Bora Aksu’s “Dear Birsen” collection was a coming-of-age tale inspired by his mother’s letters when she sent him to boarding school at age 13. A romantic proposition if there was any but what particularly intrigued Aksu was in fact the restrictions and codes – both of dress and behaviour – that inevitably impose themselves on the journey from innocence to adulthood.
The opening looks unfolded the chronic schoolgirl dichotomy of uniformity and rebellion: tidy collars and below-the-knee skirts customised with leather sleeves or mesh see-through layers. The styling was on point too, with tight rope-braids and sandals with traditional Turkish embroidery worn over black ankle socks adding colour to Aksu’s story without defaulting to the literal. While the theme seemed slightly matter-of-fact for London’s household sombre romanticist, the schoolgirl element did introduce a sense of lightness that felt fresh for Aksu, particularly when the collection moved into baby pink ensembles of butter-soft leather and lace. The move to more slouchy silhouettes and roomy skirts with pockets conjured teenage nonchalance while the insertion of pony hair, leather and corduroy panels continued Aksu’s study into texture and tactility.
Eventually the collection drifted into grown-up territory but not without (perhaps thematically fitting) stumbling several times in its effortful pulling of different fabrics together. The white brocade mesh glittered rather crudely, while the stitching together of lace and leather felt forced and overused, and resulted in several looks appearing frankly crumpled and proportionally gone wrong. It seemed like many of the valuable lessons from last autumn’s palate cleanser of a collection have been forgotten, especially when it came to skirts and jackets stitched up in 3 or 4 different heavy fabrics and sporting twice as many design elements, dragging down entire looks unnecessarily. It is perhaps that Aksu’s critical distance was fogged by his personal closeness to the subject matter; a forgivable circumstance, considering the dramatic potential of the final looks.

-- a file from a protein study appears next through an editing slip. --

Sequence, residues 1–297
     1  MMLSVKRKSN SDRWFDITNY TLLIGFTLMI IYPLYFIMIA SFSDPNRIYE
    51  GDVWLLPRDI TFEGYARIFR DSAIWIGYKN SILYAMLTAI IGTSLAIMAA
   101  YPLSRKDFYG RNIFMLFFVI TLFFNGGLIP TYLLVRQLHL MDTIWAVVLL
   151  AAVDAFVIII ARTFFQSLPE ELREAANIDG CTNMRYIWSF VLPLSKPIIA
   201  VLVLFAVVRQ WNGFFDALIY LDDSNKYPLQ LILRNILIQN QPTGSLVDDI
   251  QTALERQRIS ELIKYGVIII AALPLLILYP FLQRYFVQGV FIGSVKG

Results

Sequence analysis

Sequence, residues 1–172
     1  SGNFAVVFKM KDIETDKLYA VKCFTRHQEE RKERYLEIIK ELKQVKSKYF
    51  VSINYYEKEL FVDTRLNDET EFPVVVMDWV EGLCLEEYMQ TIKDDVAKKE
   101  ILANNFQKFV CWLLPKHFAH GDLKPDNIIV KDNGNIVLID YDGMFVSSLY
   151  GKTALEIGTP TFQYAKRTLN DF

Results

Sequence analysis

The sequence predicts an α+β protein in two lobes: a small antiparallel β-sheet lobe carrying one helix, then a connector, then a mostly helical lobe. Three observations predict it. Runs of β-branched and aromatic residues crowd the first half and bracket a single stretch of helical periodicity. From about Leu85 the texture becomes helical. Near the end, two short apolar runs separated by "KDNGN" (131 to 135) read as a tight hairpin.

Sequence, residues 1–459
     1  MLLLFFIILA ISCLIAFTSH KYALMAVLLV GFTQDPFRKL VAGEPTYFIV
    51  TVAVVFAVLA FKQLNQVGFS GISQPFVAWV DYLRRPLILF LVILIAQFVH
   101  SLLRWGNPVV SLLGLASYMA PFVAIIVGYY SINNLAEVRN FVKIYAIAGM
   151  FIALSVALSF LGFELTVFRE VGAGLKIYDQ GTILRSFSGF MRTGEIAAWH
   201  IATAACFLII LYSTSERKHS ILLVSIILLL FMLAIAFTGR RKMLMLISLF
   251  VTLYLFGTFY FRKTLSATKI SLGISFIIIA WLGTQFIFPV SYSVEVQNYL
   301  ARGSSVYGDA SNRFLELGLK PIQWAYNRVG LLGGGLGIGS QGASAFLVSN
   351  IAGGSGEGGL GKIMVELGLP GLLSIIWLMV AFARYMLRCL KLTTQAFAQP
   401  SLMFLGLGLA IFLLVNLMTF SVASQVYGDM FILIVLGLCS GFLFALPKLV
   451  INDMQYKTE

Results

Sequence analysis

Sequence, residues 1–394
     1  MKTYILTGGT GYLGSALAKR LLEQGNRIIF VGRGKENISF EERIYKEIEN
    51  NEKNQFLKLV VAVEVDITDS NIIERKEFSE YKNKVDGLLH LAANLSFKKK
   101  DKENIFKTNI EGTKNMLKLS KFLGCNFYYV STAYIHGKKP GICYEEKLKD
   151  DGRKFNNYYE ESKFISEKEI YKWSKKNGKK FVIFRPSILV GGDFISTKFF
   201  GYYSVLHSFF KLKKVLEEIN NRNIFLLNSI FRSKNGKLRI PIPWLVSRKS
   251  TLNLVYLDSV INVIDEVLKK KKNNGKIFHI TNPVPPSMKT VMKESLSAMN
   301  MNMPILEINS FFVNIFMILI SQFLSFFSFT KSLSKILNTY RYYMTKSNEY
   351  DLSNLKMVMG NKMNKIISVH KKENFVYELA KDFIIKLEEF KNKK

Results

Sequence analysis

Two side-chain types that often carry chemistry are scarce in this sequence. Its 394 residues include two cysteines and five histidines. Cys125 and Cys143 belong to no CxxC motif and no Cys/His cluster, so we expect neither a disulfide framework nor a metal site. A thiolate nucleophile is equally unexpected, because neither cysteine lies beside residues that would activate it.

The climax was undoubtedly an oxblood Grand Dame cape that created a classic show-stopping moment – literally, as the sound hushed and the flickering of a swarm of camera shutters lasted for the longest time as the Aksu girl stood high and mighty in front them - all grow up, as the narrative tempts us to say. Along with the finale gowns, it made a symbolic statement of the collection’s reach to maturity, and a fitting finale of the designer’s otherwise experimental vibe this season.